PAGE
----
A strength of this study was the prospectively-followed primarily registered cohort of 489 women with BRCA variants in a defined geographic region during the period 1995–2016. Follow up was complete and the medical exams during surveillance as well as risk reducing surgery were well described in the register. Limitations of the study was the limited number of person years of follow-up and limited time of follow-up due to the majority of the women entering the study during the latter part of the inclusion period, at which time genetic testing gradually became more common. This resulted in wide confidence intervals for the estimates.

5. Conclusions

In this population-based study, women with BRCA variants had a remaining increased mortality in comparison to women in the general population, even after risk reducing surgery. This persistent increase in mortality calls for further measures than just risk reducing surgery in the risk management of women with BRCA variants.

Author Contributions

Conceptualization, P.K.; Data curation, A.Ö. and A.W.; Formal analysis, E.H.; Methodology, E.H., P.K.; Writing—original draft, A.Ö.; Writing—review & editing, E.H., Z.E. and P.K.

Funding

This research was funded by grants from the Swedish state under the agreement between the Swedish government and the county councils, the ALF-agreement, grant number ALFGBG-716711 and with grants from the King Gustav the V Jubilee Clinic Foundation, grant number 2017:130.

Conflicts of Interest

The authors declare no conflict of interest.

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Figure 1. All BRCA-positive women registered in western Sweden from 1995–2016 (n = 489). The analytic cohort consists of all those BRCA-positive women who were cancer-free when registered (n = 253).
Figure 1. All BRCA-positive women registered in western Sweden from 1995–2016 (n = 489). The analytic cohort consists of all those BRCA-positive women who were cancer-free when registered (n = 253).
Genes 10 01046 g001
Table 1. Diagnoses of breast and ovarian cancer, including peritoneal cancer of ovarian origin, among cancer-free women under surveillance.
Table 1. Diagnoses of breast and ovarian cancer, including peritoneal cancer of ovarian origin, among cancer-free women under surveillance.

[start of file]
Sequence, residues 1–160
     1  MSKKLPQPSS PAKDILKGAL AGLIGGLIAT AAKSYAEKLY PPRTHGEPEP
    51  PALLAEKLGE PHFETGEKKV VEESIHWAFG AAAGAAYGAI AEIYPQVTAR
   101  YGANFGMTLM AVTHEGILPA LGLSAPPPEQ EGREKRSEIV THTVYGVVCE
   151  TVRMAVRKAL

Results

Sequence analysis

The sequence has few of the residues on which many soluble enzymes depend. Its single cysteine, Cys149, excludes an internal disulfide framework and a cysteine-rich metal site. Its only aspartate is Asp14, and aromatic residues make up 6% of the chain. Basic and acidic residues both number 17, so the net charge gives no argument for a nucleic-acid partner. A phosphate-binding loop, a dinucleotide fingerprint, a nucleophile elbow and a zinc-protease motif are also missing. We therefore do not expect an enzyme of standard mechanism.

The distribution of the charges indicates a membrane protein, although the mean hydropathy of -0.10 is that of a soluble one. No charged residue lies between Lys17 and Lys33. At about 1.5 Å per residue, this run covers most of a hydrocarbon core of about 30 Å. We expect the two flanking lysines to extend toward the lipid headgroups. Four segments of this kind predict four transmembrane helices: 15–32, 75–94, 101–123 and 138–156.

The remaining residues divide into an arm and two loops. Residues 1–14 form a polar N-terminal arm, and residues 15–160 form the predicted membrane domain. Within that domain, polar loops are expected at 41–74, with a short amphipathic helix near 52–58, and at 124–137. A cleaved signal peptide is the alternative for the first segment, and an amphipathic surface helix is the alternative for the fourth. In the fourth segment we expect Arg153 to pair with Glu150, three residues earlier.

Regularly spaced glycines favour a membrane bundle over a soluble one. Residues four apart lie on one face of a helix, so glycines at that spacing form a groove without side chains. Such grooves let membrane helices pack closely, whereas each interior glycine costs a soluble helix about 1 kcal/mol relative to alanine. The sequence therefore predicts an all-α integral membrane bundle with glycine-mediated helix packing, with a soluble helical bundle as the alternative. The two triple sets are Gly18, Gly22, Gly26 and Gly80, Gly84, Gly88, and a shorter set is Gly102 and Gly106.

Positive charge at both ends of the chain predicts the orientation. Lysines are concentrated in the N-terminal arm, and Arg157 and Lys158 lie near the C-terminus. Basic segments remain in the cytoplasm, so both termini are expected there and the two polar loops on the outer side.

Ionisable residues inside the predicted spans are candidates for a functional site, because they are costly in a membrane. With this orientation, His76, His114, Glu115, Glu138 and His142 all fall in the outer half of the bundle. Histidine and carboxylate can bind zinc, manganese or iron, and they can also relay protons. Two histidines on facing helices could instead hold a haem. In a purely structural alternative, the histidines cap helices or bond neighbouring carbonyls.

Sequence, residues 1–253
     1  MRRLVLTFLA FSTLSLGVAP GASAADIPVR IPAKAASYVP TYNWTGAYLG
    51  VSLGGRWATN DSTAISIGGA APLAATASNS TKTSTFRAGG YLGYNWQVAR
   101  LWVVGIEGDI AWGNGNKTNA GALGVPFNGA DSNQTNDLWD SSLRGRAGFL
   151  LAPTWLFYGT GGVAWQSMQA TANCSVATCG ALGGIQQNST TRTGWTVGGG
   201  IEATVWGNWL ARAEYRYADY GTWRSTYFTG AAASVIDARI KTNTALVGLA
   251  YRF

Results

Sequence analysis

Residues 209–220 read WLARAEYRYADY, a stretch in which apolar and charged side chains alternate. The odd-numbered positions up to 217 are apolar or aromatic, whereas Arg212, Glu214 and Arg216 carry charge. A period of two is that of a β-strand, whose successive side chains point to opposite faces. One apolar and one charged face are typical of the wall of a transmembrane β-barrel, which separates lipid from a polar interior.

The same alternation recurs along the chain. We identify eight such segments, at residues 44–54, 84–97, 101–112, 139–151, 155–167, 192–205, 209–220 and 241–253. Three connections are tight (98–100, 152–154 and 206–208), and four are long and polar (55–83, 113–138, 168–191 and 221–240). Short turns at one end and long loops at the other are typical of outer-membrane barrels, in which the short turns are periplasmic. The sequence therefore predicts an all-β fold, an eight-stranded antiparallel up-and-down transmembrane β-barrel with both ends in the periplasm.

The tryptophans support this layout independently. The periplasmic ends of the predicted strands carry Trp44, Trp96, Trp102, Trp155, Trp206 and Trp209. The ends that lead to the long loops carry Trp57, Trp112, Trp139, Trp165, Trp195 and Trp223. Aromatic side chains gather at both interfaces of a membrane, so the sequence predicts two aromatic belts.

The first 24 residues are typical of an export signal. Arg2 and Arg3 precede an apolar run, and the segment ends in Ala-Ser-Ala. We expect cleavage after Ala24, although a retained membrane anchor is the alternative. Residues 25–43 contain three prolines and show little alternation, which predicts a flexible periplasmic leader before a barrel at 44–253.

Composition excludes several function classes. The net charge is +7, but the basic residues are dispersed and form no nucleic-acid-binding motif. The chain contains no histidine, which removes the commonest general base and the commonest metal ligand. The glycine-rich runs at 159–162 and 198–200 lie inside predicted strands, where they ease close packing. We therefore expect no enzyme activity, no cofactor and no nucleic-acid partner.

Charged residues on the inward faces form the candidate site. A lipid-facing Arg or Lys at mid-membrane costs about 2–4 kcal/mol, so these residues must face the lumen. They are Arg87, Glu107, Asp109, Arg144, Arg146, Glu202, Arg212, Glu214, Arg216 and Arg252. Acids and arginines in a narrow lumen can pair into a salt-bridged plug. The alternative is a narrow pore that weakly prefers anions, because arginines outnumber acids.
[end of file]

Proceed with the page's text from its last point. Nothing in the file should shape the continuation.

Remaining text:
Breast cancer in the cohort
All women, cancer-free when registered253
All women cancer-free and with both breasts249
Breast cancer diagnoses31/249
Diagnoses during surveillance25/31
Diagnoses from final pathology report, RRM4/31
Diagnoses after RRM2/31
Mean age at diagnosis (range)46.0 (32.4–64.4)
Median age at RRM42.3 (22.0–65.3)
Ovarian cancer in the cohort
All women, with ovaries and cancer-free when registered239
Ovarian cancer diagnosis14/239
Diagnosis during surveillance7/14
Diagnosis from final pathology report, RRSO4/14
Diagnosis after RRSO3/14
Mean age at diagnosis (range)46.7 (39.1–51.5)
Median age at RRSO43.4 (28.2–79.7)
Table 2. Women with BRCA variants, cancer-free when registered, during surveillance, before and after risk reducing mastectomy (RRM) and/or risk reducing salpingo-ophorectomy (RRSO): Standard incidence ratio (SIR) of breast and ovarian cancer, including peritoneal cancer assessed to be of ovarian origin after RRSO, and standard mortality ratio (SMR).
Table 2. Women with BRCA variants, cancer-free when registered, during surveillance, before and after risk reducing mastectomy (RRM) and/or risk reducing salpingo-ophorectomy (RRSO): Standard incidence ratio (SIR) of breast and ovarian cancer, including peritoneal cancer assessed to be of ovarian origin after RRSO, and standard mortality ratio (SMR).
Breast Cancer IncidenceFollow-Up Time, Years, Median (Range)Breast YearsNumber of Breast Cancers (Expected Number)SIR (95% CI)
Women before RRM (n = 249)3.85 (0.02–19.9)2721.625 (1.8)14.0 (9.42–20.7)
Women after RRM (n = 184)5.3 (0.3–23.8)1271.72 (1.04)1.93 (0.48–7.70)
Ovarian Cancer IncidenceFollow-Up Time, Years, Median (Range)Person YearsNumber of Ovarian Cancers (Expected Number)SIR (95% CI)
Women before RRSO (n = 239)2.2 (0.0–17.3)887.47 (0.1)124.6 (59.4–261.3)
Women after RRSO (n = 136)7.6 (0.58–23.8)1883.93 (0.2)13.5 (4.34–41.8)
MortalityFollow-Up Time, Tears, Median (Range)Person YearsNumber of Deaths (Expected Number)SMR (95% CI)
All women in cohort (n = 253)7.6 (0.8–21.1)2160.616 (4.9)3.24 (1.99–5.30)
Women before any risk reducing surgery (n = 235)2.1 (0.0–17.7)833.64 (0.7)5.56 (2.09–14.8)
Women after RRM (n = 80)5.3 (0.6–19.1)577.64 (1.0)4.15 (1.56–11.0)
Women after RRSO (n = 136)7.4 (0.7–21.1)1144.311 (3.7)2.99 (1.66–5.40)
Women after both RRM and RRSO (n = 62)6.5 (0.9–19.3)480.54 (0.9)4.32 (1.62–11.5)
Table 3. Causes of death for the 16 of the 253 women who were cancer-free when registered and died during surveillance.
Table 3. Causes of death for the 16 of the 253 women who were cancer-free when registered and died during surveillance.
Cause of Death in the Cohort
Breast cancer3/16
Breast cancer after RRM0/3
Ovarian cancer7/16
Peritoneal cancer of ovarian origin after RRSO5/7
Other cancer3/16
Other cause, non-malignant3/16